Britain turns up the heat: Temperatures could hit record-breaking 34C

Britain turns up the heat: Met Office issues hot weather warnings across the south of England with temperatures set to hit a record-breaking 34C on Friday – making it hotter than BARBADOS

  • The Met Office says that temperatures could hit a record-breaking 34C (93F) on ‘fiery Friday’ 
  • Forecasters have issued a hot weather alert across London and the South East for this week
  • Millions of Britons are set to roast in glorious sunshine and clear blue skies in ‘June heatwave’ 

The Met Office has issued hot weather warnings for London and the South East as temperatures are set to hit a record-breaking 34C (93F) on Friday.

Britain is set to roast in coming days, with forecasters predicting glorious sunshine and clear blue skies across much of the country during the ‘June heatwave’. 

Health bosses are urging people to watch for signs of heat exhaustion among the elderly and vulnerable, while hayfever suffers should brace for a ‘pollen bomb’.

Met Office Deputy Chief Meteorologist Dan Rudman said: ‘Temperatures will continue to rise as we go through the week, becoming well above-average by Friday when many parts of the southern half of the UK are likely to exceed 30C and may even reach 34C in some places.

‘This is the first spell of hot weather this year and it is unusual for temperature to exceed these values in June.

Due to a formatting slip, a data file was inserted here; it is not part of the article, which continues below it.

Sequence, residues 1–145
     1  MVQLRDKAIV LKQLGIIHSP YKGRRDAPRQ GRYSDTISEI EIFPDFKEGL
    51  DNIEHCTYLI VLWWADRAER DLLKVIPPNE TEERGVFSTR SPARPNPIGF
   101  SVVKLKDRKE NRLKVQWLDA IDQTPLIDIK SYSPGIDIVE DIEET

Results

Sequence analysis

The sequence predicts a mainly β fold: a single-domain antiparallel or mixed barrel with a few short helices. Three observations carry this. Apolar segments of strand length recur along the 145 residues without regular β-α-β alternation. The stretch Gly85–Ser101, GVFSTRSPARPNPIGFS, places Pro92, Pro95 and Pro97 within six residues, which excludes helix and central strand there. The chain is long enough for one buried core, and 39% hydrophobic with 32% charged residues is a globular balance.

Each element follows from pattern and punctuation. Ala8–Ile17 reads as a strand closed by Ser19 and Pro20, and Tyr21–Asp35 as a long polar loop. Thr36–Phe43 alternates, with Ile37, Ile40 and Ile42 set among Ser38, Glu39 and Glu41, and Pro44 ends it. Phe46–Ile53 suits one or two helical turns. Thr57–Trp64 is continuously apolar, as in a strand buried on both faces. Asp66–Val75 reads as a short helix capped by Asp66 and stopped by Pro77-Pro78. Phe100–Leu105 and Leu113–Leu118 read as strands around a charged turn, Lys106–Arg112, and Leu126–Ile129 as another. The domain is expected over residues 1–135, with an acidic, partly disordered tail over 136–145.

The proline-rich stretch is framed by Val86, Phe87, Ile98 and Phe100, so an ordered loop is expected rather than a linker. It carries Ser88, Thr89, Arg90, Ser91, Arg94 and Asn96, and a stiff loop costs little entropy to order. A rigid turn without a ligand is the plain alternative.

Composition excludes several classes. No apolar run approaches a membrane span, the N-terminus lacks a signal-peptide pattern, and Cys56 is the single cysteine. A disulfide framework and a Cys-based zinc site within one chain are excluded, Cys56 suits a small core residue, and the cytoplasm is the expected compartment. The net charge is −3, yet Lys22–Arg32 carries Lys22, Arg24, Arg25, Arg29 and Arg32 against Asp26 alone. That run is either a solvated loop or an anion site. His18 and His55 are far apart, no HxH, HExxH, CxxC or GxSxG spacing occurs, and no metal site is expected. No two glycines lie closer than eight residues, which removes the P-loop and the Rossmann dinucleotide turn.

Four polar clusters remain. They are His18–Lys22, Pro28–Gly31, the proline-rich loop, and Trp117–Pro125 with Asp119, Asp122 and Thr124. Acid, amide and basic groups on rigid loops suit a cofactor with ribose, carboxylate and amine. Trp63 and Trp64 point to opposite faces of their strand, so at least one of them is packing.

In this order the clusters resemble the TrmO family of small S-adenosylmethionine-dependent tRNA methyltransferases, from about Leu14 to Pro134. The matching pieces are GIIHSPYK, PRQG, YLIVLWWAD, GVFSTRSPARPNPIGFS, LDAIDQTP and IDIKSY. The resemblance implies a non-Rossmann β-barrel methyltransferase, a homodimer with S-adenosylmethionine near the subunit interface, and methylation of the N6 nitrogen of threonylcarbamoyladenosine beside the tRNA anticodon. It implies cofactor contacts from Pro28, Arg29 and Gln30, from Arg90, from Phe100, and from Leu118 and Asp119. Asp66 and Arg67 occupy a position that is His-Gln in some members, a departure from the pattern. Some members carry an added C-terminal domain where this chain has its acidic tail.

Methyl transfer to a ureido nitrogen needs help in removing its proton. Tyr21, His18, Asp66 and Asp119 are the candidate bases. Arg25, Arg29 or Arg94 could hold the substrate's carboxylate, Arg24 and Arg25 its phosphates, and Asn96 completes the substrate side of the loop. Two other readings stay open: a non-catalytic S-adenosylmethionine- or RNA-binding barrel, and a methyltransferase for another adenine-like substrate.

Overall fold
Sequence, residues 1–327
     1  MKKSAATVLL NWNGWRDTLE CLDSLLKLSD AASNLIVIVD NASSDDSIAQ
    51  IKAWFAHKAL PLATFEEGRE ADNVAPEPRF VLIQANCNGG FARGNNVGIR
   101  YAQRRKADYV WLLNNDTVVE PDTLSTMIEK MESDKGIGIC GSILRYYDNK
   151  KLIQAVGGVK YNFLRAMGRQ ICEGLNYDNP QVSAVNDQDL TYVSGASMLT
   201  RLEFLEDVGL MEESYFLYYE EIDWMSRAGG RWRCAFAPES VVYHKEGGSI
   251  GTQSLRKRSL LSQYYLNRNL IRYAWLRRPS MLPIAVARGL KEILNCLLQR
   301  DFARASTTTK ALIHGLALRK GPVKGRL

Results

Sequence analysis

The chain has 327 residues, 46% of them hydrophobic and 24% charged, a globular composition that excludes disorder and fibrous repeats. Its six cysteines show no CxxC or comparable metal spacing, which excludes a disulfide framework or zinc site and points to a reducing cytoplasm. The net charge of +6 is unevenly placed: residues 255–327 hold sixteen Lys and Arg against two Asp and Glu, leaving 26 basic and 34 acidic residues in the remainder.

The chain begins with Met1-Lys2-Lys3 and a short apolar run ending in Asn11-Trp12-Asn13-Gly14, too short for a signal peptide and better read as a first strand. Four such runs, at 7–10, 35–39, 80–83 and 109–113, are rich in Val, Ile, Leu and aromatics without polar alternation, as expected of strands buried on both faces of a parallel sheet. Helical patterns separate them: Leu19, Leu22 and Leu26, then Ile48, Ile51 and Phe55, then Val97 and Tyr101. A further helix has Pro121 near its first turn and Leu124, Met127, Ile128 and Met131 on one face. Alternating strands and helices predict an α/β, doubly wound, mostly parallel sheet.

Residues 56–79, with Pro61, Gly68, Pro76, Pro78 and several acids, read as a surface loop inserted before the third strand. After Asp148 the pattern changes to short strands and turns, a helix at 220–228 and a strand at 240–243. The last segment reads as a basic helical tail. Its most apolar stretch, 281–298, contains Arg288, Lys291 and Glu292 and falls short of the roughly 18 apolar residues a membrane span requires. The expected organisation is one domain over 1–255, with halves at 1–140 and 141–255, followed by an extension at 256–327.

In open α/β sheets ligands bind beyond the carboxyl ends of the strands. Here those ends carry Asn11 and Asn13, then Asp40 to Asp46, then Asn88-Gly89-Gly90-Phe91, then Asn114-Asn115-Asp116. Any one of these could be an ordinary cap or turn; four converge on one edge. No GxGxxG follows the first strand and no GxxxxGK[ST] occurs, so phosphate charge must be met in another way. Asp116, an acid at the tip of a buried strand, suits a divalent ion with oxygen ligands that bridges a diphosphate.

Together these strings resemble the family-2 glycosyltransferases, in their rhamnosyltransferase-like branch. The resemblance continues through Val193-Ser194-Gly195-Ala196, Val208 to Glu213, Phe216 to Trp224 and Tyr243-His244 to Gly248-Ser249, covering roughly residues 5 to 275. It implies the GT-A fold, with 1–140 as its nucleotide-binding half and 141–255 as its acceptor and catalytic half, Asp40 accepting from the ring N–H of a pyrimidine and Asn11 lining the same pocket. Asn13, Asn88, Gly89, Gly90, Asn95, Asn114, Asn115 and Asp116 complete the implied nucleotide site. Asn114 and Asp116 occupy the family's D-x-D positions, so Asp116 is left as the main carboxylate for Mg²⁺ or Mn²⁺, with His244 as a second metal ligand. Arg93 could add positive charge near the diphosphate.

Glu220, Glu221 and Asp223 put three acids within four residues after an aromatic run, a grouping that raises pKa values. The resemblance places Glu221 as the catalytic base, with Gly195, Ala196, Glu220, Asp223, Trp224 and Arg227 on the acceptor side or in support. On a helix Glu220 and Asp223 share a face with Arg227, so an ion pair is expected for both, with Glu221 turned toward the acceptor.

‘Many areas will also see some warm nights with minimum temperatures expected to be in the high teens or even low 20Cs for some overnight.’

Sunrise in Roker in Sunderland on Wednesday June 15, 2022 amid Britain’s June heatwave

Met Office graphs show clear skies above England and Wales on June 15, 2022, but a very high pollen count

Sunrise at Glastonbury Tor on Wednesday, June 15, 2022

Sunrise in Roker in Sunderland on Wednesday June 15, 2022

A cloud of hot air from North Africa has sent temperatures soaring and the suffocating heat could last in most of Spain until June 16 or 17, a few days before summer officially starts on June 21, the earliest heatwave in 40 years.

The searing heat has spread to Portugal and Spain and will move north later this week to Germany, the UK and northern Europe.

The high June temperatures are being caused by a ‘heat dome’, which means the warmth extends high into the atmosphere and impacts pressure and wind patterns.

A mountain of hot air is trapped by high-pressure conditions, compressing it like a lid and wedging it between areas of low pressure, pushing cooler air away.

The current heatwave is the earliest one in Spain registered since 1981, according to state meteorological agency AEMET.

Temperatures are forecast to climb as high as 113F in the southern Andalusia region, especially in the cities of Cordoba or Seville, according to Aemet. 

On May 17, a toasty 27.5C (81F) was recorded at Heathrow. It is still relatively unusual for temperature to reach the mid-30Cs in June, with the highest June temperature on record – 35.6C (96F) – reached at Southampton Mayflower Park on June 28, 1976.

The all-time temperature record for the UK is 101.7F (38.7C), which was set on July 25, 2019, in Cambridge University Botanical Gardens.